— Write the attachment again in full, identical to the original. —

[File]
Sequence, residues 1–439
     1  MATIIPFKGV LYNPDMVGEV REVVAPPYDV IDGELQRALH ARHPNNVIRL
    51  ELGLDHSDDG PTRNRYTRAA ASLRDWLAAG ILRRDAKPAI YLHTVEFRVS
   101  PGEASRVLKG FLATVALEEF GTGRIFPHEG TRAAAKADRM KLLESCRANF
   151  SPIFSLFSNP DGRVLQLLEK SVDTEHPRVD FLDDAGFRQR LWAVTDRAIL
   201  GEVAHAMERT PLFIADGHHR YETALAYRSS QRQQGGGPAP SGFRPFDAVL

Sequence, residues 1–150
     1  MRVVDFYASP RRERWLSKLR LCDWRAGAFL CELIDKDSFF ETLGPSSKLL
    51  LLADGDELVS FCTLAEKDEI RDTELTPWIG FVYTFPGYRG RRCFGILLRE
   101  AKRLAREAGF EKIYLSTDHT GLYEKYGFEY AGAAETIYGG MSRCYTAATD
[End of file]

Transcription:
Sequence, residues 1–439
     1  MATIIPFKGV LYNPDMVGEV REVVAPPYDV IDGELQRALH ARHPNNVIRL
    51  ELGLDHSDDG PTRNRYTRAA ASLRDWLAAG ILRRDAKPAI YLHTVEFRVS
   101  PGEASRVLKG FLATVALEEF GTGRIFPHEG TRAAAKADRM KLLESCRANF
   151  SPIFSLFSNP DGRVLQLLEK SVDTEHPRVD FLDDAGFRQR LWAVTDRAIL
   201  GEVAHAMERT PLFIADGHHR YETALAYRSS QRQQGGGPAP SGFRPFDAVL

Sequence, residues 1–150
     1  MRVVDFYASP RRERWLSKLR LCDWRAGAFL CELIDKDSFF ETLGPSSKLL
    51  LLADGDELVS FCTLAEKDEI RDTELTPWIG FVYTFPGYRG RRCFGILLRE
   101  AKRLAREAGF EKIYLSTDHT GLYEKYGFEY AGAAETIYGG MSRCYTAATD